Provence-Based Photographer Jamie Beck Created 59 Pieces of Art During Her Time in Isolation
She styled and executed 59 photographs, one for each day of her confinement. Here, her best advice for staying creative while in quarantine. Plus, she shares the reason why she's making one more piece after stay-at-home restrictions in France lift today.
When the coronavirus pandemic reached American photographer Jamie Beck's small, sleepy village in Provence, where she lives with her husband, Kevin, and young daughter, Eloise, her entire world—and her vocation—came to a screeching halt. She lost every single commercial photography booking she'd already made for the year; an unfurling New York City exhibition, one she'd invested extensively in, was cancelled. "The feeling of panic shook me to my core—and I hated it. I thought, I have to take the power back," she tells Martha Stewart Living. So, Beck did what she does best: She got to work.
"I came down the stairs and told my husband, 'I'm going to make one piece of art a day for every day we are in lockdown, I'm going to call it #IsolationCreation, and I'm going to ask others to join me,'" she continues. The resulting project—a series of styled florals, sweeping views of Provence from her apartment window, portraits of her family, sometimes masked, cloaked in linen—told the story of Beck's isolation and the creative bedrock underneath it. "I wanted to capture this moment in time, make it tangible and inspiring," she says, adding that she also wanted to share her experience with others. To do so, she and her husband—who has been her creative partner for over a decade—began translating her artwork onto posters. "It hit me: Let's make accessible art posters at $50 each and give 10% of the proceeds to the Foundation of Contemporary Arts Emergency COVID Relief Fund for other artists affected," she says.
Her posters, printed on thick, museum-quality paper, are visually beautiful, but they strike a chord beyond aesthetics: one that sings of both an individual and shared human experience. "In 50 years from now, the series will tell a story of a very specific moment in our history. These were the flowers in the garden, the food that we ate, the life of a small family in the middle of unprecedented circumstances," shares Beck. This is also why, she believes, the project has resonated so deeply with others around the world: "People buy each day's poster not just because they respond to it, but because it reminds them of their grandmother, or it was their birthday, or it was the day they were going to be married before they had to cancel their wedding, or the day their baby was born—or even just as a reminder to dream."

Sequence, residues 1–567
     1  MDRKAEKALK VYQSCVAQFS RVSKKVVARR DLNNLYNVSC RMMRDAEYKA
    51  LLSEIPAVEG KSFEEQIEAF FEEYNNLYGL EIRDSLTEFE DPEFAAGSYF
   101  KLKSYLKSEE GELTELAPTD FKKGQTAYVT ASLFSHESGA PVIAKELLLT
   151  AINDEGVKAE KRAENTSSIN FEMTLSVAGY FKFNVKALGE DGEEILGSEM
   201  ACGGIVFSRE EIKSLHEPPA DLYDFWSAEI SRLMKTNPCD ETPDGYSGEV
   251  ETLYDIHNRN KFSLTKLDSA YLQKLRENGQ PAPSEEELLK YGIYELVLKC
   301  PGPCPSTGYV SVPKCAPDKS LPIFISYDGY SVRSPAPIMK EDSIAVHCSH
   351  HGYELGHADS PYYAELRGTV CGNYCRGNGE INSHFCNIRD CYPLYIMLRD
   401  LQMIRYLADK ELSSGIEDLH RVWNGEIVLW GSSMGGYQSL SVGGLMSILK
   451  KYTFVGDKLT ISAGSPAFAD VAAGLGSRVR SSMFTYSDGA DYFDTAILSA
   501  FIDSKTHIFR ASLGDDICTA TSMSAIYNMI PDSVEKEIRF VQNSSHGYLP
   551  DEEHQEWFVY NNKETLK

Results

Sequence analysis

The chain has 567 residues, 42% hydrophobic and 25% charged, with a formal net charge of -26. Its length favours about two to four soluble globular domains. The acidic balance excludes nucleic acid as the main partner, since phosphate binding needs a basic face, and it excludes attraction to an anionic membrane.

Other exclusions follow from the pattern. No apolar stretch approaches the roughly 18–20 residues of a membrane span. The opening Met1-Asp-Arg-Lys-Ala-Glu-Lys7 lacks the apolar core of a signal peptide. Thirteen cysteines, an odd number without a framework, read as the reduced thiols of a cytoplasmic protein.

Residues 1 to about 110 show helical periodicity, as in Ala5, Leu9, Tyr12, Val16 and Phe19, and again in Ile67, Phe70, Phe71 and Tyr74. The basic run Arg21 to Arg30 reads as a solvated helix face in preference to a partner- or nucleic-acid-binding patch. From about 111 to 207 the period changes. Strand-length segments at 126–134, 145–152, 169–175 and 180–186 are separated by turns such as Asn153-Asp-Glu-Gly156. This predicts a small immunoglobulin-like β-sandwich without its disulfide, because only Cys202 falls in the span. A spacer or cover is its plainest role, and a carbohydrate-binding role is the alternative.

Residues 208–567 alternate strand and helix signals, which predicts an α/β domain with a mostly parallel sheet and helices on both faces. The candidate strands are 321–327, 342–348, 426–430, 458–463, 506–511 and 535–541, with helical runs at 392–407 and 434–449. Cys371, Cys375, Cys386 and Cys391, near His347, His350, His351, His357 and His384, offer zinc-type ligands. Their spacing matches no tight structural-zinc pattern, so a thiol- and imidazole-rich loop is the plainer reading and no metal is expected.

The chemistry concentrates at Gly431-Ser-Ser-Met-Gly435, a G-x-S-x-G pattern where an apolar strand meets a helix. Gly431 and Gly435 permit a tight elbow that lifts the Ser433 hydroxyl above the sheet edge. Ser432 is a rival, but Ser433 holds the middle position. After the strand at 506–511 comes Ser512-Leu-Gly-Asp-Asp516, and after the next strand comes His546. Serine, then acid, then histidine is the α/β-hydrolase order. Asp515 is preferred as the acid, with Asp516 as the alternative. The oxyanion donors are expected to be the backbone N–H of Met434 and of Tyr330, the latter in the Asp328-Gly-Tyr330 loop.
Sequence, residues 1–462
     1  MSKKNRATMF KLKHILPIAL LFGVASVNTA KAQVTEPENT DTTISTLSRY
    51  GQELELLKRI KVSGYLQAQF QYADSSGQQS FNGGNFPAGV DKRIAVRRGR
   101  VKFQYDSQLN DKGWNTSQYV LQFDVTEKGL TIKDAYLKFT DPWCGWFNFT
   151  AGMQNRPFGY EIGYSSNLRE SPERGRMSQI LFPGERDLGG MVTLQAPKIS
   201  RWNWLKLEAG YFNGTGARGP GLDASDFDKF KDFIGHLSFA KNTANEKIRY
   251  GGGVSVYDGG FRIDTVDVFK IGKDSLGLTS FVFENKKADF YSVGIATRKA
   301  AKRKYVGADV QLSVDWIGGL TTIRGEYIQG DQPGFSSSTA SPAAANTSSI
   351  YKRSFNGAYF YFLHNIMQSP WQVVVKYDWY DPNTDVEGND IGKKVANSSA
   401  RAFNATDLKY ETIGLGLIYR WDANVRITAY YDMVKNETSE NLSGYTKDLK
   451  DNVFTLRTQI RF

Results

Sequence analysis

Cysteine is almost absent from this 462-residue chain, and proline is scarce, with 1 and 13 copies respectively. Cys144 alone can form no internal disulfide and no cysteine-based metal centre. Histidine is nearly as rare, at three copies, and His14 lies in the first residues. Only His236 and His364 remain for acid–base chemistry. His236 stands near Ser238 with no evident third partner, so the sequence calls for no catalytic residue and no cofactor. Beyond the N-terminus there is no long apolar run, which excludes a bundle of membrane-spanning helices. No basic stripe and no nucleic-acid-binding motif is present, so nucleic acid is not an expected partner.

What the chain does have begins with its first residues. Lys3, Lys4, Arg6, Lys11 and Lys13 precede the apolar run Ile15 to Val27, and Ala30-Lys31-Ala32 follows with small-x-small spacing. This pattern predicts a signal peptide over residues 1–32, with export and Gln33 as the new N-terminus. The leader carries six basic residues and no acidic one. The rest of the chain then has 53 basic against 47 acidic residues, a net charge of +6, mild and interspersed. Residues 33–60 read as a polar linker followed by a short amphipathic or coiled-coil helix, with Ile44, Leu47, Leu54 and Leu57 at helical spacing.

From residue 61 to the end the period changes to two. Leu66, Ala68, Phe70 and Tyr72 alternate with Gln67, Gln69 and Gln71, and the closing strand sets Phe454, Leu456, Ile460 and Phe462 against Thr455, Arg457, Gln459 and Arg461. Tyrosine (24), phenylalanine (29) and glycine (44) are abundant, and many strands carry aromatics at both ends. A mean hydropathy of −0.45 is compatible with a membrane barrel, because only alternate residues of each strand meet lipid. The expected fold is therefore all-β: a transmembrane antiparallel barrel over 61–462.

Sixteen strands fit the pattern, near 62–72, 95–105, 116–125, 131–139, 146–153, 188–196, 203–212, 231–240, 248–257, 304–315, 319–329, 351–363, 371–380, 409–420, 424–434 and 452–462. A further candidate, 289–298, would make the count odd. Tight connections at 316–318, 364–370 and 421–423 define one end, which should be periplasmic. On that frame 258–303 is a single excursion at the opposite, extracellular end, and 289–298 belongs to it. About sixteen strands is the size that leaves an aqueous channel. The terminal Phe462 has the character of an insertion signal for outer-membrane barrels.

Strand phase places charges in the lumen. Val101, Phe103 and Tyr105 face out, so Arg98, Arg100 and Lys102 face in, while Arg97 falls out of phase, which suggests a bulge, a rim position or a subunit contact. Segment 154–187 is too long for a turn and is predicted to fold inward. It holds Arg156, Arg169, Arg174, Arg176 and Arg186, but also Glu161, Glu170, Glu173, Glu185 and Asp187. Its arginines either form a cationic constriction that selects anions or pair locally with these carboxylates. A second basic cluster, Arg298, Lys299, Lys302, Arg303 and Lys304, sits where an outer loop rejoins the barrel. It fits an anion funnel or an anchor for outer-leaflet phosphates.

As of today, over 300,000 people have used the #IsolationCreation hashtag on Instagram (they tag their own quarantine creations, inspired by Beck's project); Beck has shipped her posters to 65 countries worldwide and has raised over $20,000 for charity. The series, which spans 59 days, from March 14 to May 11, is nearly finished, as today also marks Beck's village's déconfinement. Yet this day, as momentous as it is for the photographer and her family, doesn't signal the end of the project: Beck will create one more piece to capture her post-quarantine life; this will debut tomorrow, on May 12. Here, Beck delves deeper into the series and explains how she remained steadfast and productive in quarantine—and shares her best advice for those who have the itch to document their own isolation experience.
On her fluid process.
Beck's methodology changes daily. "Some days I have an idea and I go and execute it—other days I don't, and I let the day sort of unfold until something sparks inspiration or an idea," she shares. Unexpected acts of kindness, like a neighbor who leaves cut flowers or a snail on a piece of lettuce on her doorstep, spiral into full-fledged creations: "I'm so lucky to have an amazing community here." Or, perhaps, it's the weather, a feeling, a current event: "I have to stay incredibly present in the moment to create something true to that day."